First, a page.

US sanctions have failed so far to shut down Iranian oil exports, and eight countries have been granted temporary exemptions to allow them to buy from Tehran without fear of punishment even after the deadline to halt all purchases has passed.
Oil industry analysts estimate that Iran sold about 1.5 million barrels a day on world markets in October, even as it braced for the sanctions to take full effect starting Monday.
“This is an above and beyond expected result,” said Iman Nasseri, managing director for the Middle East at Facts Global Energy. “The Trump administration wanted to see zero out of Iran in November. We never believed that’s a realistic outcome.”
Companies and governments were given six months to wind down their energy-related trade when sanctions were announced in May following President Donald Trump’s decision to withdraw from the Iranian nuclear deal.
A senior US State Department official said in June that no exceptions would be made and countries that don’t cut their purchases to zero may be punished. Trump threatened “severe consequences” in August for those who continue to trade with Iran.
But on Friday, US Secretary of State Mike Pompeo said that eight jurisdictions would get temporary exemptions to the sanctions, because they had “made important moves to get to zero crude oil importations.”
Six of them will import Iranian crude oil at greatly reduced levels and two will completely end their imports, Pompeo added. He did not say which eight jurisdictions were being granted waivers.
While many buyers in Europe and Asia have complied with the US demands, China, India and Turkey — among others — are still taking large volumes of Iranian oil.
“The likelihood that Iranian exports drop to zero is very low, mostly because of China,” said Bjornar Tonhaugen, head of oil markets at Rystad Energy.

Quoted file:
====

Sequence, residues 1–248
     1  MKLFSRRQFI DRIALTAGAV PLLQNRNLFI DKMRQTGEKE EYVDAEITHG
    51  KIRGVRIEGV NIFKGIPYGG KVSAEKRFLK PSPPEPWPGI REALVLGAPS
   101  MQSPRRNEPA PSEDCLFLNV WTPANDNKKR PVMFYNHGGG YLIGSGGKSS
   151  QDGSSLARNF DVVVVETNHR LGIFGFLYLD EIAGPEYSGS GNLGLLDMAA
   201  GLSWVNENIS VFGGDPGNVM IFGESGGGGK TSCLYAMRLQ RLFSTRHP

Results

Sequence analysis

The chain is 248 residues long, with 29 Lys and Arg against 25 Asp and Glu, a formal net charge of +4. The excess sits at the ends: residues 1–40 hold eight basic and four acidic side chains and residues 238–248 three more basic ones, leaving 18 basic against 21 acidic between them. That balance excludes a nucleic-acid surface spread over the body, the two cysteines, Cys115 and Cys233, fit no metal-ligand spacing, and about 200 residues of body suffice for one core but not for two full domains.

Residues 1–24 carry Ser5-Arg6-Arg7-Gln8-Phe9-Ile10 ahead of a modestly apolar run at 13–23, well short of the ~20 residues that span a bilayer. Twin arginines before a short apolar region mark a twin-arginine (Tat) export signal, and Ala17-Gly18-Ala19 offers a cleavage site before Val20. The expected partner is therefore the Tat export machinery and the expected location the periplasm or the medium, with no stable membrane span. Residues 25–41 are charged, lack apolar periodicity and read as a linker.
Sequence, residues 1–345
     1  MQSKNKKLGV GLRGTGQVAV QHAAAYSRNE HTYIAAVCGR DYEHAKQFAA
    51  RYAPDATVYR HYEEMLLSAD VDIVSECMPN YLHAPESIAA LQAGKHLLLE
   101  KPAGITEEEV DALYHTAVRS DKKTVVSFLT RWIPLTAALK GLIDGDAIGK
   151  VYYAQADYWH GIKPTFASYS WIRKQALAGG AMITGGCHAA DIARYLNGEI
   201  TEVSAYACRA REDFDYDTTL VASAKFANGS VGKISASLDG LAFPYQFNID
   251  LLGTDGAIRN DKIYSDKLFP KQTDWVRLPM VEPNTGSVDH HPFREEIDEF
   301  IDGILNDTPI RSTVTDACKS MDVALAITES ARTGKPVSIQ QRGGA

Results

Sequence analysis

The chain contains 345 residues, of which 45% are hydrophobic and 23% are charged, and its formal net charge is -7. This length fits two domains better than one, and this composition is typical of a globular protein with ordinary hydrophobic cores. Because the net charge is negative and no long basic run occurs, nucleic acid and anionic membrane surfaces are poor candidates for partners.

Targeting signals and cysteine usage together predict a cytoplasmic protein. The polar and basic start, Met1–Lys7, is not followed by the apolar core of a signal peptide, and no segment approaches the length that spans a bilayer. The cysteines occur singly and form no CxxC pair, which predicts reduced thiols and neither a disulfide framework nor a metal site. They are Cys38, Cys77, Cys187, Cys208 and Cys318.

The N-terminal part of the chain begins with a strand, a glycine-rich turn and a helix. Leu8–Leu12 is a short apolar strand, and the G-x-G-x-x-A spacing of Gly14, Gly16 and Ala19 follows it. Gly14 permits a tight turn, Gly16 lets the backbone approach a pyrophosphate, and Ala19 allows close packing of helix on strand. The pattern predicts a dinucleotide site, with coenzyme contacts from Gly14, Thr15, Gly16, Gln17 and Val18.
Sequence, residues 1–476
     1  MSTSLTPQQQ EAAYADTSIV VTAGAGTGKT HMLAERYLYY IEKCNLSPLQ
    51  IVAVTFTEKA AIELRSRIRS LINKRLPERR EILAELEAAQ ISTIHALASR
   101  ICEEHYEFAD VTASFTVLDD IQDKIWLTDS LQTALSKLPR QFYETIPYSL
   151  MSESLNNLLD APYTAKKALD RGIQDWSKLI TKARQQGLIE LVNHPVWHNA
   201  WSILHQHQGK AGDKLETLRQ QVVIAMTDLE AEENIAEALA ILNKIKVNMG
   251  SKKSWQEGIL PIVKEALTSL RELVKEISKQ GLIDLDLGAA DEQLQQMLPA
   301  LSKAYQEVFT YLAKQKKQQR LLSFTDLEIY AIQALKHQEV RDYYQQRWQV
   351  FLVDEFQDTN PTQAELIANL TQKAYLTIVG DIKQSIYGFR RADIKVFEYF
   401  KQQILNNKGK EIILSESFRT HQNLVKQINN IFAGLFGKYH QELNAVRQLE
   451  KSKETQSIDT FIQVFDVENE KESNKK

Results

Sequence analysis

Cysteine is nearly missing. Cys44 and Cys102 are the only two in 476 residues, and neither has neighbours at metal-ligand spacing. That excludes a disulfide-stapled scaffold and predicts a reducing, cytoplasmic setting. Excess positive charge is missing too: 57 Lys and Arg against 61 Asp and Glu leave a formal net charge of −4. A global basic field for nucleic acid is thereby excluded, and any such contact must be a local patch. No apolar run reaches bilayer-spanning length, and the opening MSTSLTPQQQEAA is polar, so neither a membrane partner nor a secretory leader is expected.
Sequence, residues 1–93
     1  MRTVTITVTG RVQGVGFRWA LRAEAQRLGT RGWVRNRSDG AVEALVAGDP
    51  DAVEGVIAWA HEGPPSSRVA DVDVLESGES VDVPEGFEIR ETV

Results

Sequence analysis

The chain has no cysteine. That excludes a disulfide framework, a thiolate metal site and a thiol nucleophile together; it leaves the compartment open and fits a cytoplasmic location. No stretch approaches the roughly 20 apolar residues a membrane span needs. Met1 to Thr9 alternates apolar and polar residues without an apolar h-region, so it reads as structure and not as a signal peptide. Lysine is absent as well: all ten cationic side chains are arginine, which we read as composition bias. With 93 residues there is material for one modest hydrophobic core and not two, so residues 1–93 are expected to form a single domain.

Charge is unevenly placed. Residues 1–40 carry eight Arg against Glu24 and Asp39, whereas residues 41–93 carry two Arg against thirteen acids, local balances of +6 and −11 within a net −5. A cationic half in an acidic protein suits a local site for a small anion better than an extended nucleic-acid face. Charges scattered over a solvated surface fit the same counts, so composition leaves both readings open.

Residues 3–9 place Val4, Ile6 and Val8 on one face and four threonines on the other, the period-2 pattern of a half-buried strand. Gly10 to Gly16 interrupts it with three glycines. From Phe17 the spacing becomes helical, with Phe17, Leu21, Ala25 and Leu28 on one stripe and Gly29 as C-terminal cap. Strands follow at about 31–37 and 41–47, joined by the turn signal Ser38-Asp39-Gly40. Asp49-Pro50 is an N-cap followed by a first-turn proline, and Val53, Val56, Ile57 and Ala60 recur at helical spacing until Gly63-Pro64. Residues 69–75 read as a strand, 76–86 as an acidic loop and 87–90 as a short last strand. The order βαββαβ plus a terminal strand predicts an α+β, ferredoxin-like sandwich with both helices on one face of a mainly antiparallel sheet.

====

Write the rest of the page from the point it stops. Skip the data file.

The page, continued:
“China has rejected the US request to stop importing Iranian oil, and also has ways to circumvent US financial sanctions,” he added.
Iranian oil production and exports peaked at 3.8 million and 2.4 million barrels a day, respectively, in the second quarter of this year, according to data from OPEC and the International Energy Agency. That means exports have already fallen by about 900,000 barrels per day.
But fear of a supply crunch in global markets has turned into talk of a surplus as Saudi Arabia leads an effort by OPEC and Russia to pump more barrels to make up for the anticipated shortfall in Iranian supply.
With Iranian oil still flowing, Saudi Arabia may now need to think about cutting production, rather than increasing it.
US crude oil futures dropped by nearly 11% in October to trade around $65 per barrel, while the global benchmark, Brent crude, fell by more than 8%.
A government source in Saudi Arabia said the kingdom has ramped up production to 10.7 million barrels a day, from 10.5 million barrels in September. Now it’s concerned about excess supply because of the limited impact of the US sanctions, the source added.
Turkey gets a waiver
Bloomberg News had reported that Japan, India and South Korea would be among the countries granted waivers by the United States to allow them to keep buying Iranian oil.
Turkey was one of the eight countries to receive a waiver, state news agency Anadolu quoted Turkish energy minister Fatih Donmez as saying.
Analysts said India and China were also likely to be on the list of countries allowed to legalize their purchases.
“Any waivers for the buyers of Iranian crude will most likely go to these,” said Nasseri of Facts Global Energy.
Despite the waivers, global oil supplies could get tighter again early next year.
The International Energy Agency has said that this round of sanctions “could be more substantial” than in 2012, when Iranian exports were cut by 1.2 million barrels a day.
Facts Global Energy estimates that Iranian exports will stabilize in the first half of 2019 at 800,000 barrels per day.
Rystad Energy said exports could even drop to 600,000 barrels per day in the most “severe case” if only China continues to import at its pre-sanctions level.